The “advance” estimate for U.S. real gross domestic product (GDP) for the first quarter of 2018 rose at an annual rate of 2.3 percent, a slower pace than the previous three consecutive quarters of about 3 percent. The first quarter real GDP growth, however, exceeded the first-quarter growth in recent years. The increase in real GDP largely reflected a moderate growth in business investment, while consumer spending showed its lowest growth since the second quarter of 2013. U.S. nonfarm employment added 164,000 jobs in April. The disappointing increase of 103,000 jobs in March was revised up by 32,000. The unemployment rate dropped to an 18-year low of 3.9 percent after six consecutive months at 4.1 percent. In spite of a sign of labor shortages, average hourly earnings growth declined slightly from last month to 2.6 percent year-over-year. March housing starts climbed strongly by 10.9 percent year-over-year, and seasonally adjusted housing prices in the United States also continued to gain. The near target inflation and low unemployment rates weigh on the Fed’s decision to hike interest rates in June.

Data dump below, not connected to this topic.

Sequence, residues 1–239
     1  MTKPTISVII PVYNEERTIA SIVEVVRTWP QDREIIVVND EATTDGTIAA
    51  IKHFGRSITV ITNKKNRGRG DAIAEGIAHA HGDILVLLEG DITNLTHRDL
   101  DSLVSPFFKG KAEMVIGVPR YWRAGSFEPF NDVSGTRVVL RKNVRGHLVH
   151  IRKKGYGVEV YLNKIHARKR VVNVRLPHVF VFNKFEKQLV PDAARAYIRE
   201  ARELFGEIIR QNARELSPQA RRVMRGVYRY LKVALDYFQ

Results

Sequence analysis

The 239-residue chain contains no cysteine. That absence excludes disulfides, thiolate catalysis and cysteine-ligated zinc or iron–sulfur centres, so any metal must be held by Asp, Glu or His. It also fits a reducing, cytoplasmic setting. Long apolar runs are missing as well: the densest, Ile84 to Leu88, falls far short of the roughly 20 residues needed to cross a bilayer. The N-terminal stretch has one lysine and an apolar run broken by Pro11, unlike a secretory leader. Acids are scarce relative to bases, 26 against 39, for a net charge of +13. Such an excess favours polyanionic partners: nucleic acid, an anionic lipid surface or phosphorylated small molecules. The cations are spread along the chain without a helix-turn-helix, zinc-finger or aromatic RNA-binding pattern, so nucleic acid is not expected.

The Nevada economy posted robust economic activity based on the most recent data. Seasonally adjusted statewide employment added 3,500 jobs in March. Taxable sales and gasoline sales (in gallons) in February increased by 3.2 and 5.2 percent, respectively, year-over-year. March gaming revenue grew by 3.4 percent year-over-year. Total air passengers climbed by 1.8 percent year-over-year.
Clark County experienced largely favorable signals in local economic activity. Seasonally adjusted employment added 3,900 new jobs from February to March. March visitor volume for Clark County continued its year-over-year loss of 0.9 percent. Total McCarran Airport passengers and gaming revenue rose by 2.2 and 3.6 percent, respectively, during the same period. Clark County taxable sales and gasoline sales for February climbed by 5.6 and 4.1 percent, respectively, compared to a year ago. November residential housing permits rose strongly by 40.8 percent year-over-year.
Washoe County posted mixed signals. The Reno-Sparks seasonally adjusted employment gained 600 jobs from February to March and was up by 4.0 percent from last year. February taxable sales for Washoe and Storey Counties dropped by 8.1 percent year-over-year due to a weak performance in Storey County. March visitor volume fell by 1.4 percent compared to a year ago. Residential housing permits in March experienced a substantial year-over-year loss of 68.7 percent because of the reduced number of new multifamily residential units.
Stephen M. Miller, Director, Jinju Lee, Economic Analyst, UNLV Center for Business and Economic Research